2018 Political Quiz - ISideWith quiz

1. [A] 1869.
The U.S. Congress Passed the Fifteenth Amendment in 1869, which gave African American men the right to vote. However, by 1896, the state of Louisiana passed “grandfather clauses” that effectively barred former slaves and their descendants from voting. This action dramatically lowered the number of black voters—only 4% voted in 1873, down from 44.8% voting four years earlier in 1869. Soon other southern states followed suit—Mississippi, South Carolina, Alabama and Virginia established their own grandfather clauses. By 1940, only 3% of African Americans eligible to vote were registered. Jim Crow laws greeted African Americans at the polls in the form of literacy tests and poll taxes. In 1965, President Lyndon B. Johnson signed the Voting Rights Act into law; some of the provisions were permanent outlawing barriers to political participation by all racial and ethnic minorities. Jurisdictions that had a history of discriminatory practices in voting were subject to federal approval before they could make changes in their election laws. In 1970, President Richard Nixon signed an extension of the Voting Rights Act of 1965, as did President Gerald Ford in 1975. However in 2011, that requirement came into question and many states, many that had had histories of voter discrimination, began legislating an array of voting restrictions once again. In the 2013 Supreme Court decision of Shelby v. Holder, the Court dismantled the requirement that states with a history of voting discrimination get federal approval before they changed their election laws. Native American Cultures. (2015). Source:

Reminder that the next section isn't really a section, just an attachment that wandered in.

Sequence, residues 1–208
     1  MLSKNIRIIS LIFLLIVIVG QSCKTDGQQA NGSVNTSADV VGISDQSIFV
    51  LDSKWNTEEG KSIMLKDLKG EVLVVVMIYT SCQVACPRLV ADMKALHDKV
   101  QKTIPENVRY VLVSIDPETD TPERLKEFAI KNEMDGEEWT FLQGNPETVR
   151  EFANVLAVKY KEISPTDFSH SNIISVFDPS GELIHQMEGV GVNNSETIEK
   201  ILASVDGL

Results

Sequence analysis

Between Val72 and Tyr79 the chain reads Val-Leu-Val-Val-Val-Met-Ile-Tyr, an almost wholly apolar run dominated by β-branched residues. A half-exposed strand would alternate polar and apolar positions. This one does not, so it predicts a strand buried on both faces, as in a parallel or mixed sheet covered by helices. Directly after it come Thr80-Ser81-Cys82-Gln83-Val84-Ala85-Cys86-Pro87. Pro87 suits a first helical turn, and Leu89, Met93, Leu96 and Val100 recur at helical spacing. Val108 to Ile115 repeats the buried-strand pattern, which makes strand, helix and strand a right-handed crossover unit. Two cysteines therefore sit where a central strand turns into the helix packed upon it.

ACLU. Retrieved from

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